"This is a dilatory tactic," Johnson said.

Goodman's medical records: Prosecutors want the court to approve a subpoena for Goodman's medical records from a doctor in Texas for the year preceding the crash. A post-crash blood test showed traces of hydrocodone from a prescribed dose of Vicodin that Goodman was taking for back pain.

The state wants to explore whether this drug contributed to Goodman's impairment — the blood alcohol level was more than twice the legal limit — on the night of the tragedy, prosecutor Sherri Collins said.

The state wants to know more about the prescription so a toxicologist can better assess Goodman's tolerance, she said. These medical records should indicate the dosage, when it was prescribed, and whether Goodman was advised not to drink alcohol with the pills.

Defense attorney Elizabeth Parker said the records request is unlawful, and a "fishing expedition." Colbath said he'll issue a ruling from his chambers.

Motion to dismiss the charges: Goodman's attorneys are arguing a key piece of evidence — the 2007 Bentley Continental GTC driven by the defendant during the crash — has been spoiled because it was released by the State Attorney's Office after the first trial.

Defense experts are heading to Texas to inspect what remains of the smashed vehicle by Dec. 13, with the cooperation of its new owner, who apparently bought it for parts. Prosecutors don't oppose the inspection, but they said the car is unnecessary for the retrial because of expert reviews by both sides before Round One.

Colbath asked the attorneys to return Jan. 14 to discuss the status of pre-trial preparations. But the judge said he'll also schedule a separate day-long hearing to address the Bentley and a slew of other pleadings.

One is a defense motion to throw out Goodman's post-crash blood test results because the blood sample was taken without a warrant.

This year the U.S. Supreme Court ruled 8-1 in a Missouri case that police officers usually must have a search warrant before requiring a suspected driver to have blood drawn. The justices said the Fourth Amendment's ban on "unreasonable searches" means that unless there is an emergency police need a warrant before invading an individual's privacy and taking blood.

Goodman's attorneys say this decision can be applied retroactively to Goodman's case, the motion contends.

Goodman initially declined to give a blood sample after 1 a.m. crash, when authorities say he ran a stop sign at 63 mph and smashed into Wilson's Hyundai Sonata, at the intersection of 120th Avenue and Lake Worth Road in Wellington. Wilson's car flipped into a canal, and he drowned.

Goodman relented to a blood test only after a deputy told him he had probable cause to draw blood forcibly, according to arrest records. The blood samples taken three hours after the crash showed a blood alcohol level of .177, exceeding the .08 legal limit. Goodman testified he drank liquor in a "man cave" after the crash to dull the pain of a broken wrist.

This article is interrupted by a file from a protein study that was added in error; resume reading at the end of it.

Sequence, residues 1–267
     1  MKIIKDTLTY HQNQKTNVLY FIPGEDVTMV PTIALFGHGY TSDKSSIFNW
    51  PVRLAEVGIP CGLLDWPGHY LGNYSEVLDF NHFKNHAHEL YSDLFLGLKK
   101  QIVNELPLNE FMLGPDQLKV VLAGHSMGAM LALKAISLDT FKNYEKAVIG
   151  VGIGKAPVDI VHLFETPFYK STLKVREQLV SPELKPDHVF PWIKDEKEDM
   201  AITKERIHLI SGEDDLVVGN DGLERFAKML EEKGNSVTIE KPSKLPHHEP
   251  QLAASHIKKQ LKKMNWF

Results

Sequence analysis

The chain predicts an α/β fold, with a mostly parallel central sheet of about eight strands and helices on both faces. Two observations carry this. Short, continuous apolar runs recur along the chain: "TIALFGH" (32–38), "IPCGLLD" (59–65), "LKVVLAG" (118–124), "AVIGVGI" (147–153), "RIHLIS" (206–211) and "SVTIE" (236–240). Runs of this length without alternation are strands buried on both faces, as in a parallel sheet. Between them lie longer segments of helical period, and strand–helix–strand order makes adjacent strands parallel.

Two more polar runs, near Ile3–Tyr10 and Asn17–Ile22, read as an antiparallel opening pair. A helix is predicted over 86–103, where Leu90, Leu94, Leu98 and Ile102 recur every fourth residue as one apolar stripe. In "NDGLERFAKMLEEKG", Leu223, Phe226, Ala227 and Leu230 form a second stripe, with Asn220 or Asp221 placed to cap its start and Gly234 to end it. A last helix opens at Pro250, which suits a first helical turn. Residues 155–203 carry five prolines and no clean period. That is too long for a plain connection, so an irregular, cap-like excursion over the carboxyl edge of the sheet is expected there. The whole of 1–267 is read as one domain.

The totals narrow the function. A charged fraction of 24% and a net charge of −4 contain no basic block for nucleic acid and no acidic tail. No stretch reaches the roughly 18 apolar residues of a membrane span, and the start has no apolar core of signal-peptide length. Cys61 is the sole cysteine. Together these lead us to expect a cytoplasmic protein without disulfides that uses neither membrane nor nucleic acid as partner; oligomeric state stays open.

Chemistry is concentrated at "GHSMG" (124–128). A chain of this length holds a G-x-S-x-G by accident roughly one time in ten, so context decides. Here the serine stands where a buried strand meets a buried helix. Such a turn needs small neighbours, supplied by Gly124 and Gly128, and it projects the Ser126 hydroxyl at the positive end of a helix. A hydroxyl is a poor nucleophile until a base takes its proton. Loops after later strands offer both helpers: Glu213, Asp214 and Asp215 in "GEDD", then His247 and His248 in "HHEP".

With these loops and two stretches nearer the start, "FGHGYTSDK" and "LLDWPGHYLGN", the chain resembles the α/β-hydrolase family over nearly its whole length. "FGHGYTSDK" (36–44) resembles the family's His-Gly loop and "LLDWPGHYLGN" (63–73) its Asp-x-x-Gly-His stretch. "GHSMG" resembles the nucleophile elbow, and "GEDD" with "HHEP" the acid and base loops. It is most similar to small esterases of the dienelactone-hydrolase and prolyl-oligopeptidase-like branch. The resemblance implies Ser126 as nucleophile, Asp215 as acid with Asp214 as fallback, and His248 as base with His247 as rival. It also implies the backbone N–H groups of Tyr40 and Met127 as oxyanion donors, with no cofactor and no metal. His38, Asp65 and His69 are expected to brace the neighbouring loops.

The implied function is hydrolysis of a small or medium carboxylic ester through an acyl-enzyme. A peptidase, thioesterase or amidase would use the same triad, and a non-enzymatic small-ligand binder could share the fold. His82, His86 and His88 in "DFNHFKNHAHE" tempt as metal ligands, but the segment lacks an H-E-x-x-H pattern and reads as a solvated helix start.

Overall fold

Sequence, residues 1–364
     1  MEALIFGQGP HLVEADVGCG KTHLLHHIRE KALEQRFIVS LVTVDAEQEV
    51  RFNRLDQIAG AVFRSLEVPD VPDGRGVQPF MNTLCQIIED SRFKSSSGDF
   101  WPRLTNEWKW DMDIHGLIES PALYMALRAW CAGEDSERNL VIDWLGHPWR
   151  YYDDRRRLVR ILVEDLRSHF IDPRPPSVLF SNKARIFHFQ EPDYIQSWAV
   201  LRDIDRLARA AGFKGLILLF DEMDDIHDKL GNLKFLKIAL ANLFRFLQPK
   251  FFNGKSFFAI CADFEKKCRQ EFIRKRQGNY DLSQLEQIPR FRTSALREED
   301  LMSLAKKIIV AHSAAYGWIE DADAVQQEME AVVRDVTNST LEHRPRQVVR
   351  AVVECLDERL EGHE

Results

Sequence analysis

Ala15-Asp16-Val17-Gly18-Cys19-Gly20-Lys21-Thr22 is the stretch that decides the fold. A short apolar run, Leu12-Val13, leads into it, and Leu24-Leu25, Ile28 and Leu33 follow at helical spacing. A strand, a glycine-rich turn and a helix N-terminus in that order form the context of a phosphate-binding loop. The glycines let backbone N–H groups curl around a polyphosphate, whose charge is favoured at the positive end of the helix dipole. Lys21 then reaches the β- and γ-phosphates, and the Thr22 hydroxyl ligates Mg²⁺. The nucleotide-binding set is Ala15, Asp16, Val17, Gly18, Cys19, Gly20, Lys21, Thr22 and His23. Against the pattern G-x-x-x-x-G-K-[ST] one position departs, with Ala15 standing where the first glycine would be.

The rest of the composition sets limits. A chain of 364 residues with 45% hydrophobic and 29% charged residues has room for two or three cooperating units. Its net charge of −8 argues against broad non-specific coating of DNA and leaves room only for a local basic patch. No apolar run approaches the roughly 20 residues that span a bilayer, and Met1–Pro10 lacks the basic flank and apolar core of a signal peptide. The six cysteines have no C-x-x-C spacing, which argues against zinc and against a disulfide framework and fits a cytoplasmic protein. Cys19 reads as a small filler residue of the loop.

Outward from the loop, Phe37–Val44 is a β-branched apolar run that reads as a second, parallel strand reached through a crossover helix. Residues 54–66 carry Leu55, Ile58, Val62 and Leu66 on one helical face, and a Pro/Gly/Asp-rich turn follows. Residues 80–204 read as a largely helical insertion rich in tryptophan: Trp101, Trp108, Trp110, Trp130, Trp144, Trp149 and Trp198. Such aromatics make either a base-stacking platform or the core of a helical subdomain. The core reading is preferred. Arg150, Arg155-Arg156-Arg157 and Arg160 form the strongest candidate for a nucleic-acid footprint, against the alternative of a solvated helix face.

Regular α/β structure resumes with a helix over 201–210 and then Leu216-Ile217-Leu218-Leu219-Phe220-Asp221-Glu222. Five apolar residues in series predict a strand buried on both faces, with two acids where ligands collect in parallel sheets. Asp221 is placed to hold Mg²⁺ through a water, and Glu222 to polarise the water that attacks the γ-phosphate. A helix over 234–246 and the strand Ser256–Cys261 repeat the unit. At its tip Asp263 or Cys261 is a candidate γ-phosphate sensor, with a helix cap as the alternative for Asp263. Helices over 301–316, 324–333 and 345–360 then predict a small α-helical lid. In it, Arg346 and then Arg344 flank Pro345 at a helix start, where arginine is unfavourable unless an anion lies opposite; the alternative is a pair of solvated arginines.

If You are Affluent do You Need an Alcohol Education Class?

Can simply being rich be an excuse for getting out of a drunken driving violation (DUI)? Apparently it can.

In North Texas back in December, 2013 a juvenile court judge sentenced a 16-year-old from a well-off family to 10 years’ probation for killing four people in a drunken-driving crash. As reported in www.nytimes.com.

The judge declined to give the teenager, Ethan Couch, the punishment sought by Tarrant County prosecutors — 20 years in prison — and instead ordered him to be placed in a long-term treatment facility while on probation. The judge’s order came after a psychologist called by the defense argued that Mr. Couch should not be sent to prison because he suffered from “affluenza” — a term that dates at least to the 1980s to describe the psychological problems that can afflict children of privilege.

Have you ever heard of a case where the defense tried to blame a young man’s conduct on the parents’ wealth? It is no surprise that the judge’s sentence has outraged the families of those Mr. Couch killed and injured, as well as victim rights advocates who questioned whether a teenager from a low-income family would have received as lenient a penalty.

Criminal defense lawyers said it was not uncommon for minors involved in serious drunken-driving cases and other crimes to receive probation instead of prison time, even in a tough-on-crime region such as North Texas. Other experts said it was part of a growing trend of giving a young person a second chance through rehabilitation instead of trying him as an adult.

On the night of the incident, Ethan Couch and several friends stole beer from a Walmart and went to his parents’ home to have a party. Later, he swerved off the road killing four pedestrians: Breanna Mitchell; Hollie Boyles and her daughter Shelby, 21; and Brian Jennings. Ethan had a blood-alcohol level of 0.24, three times the legal limit for drivers.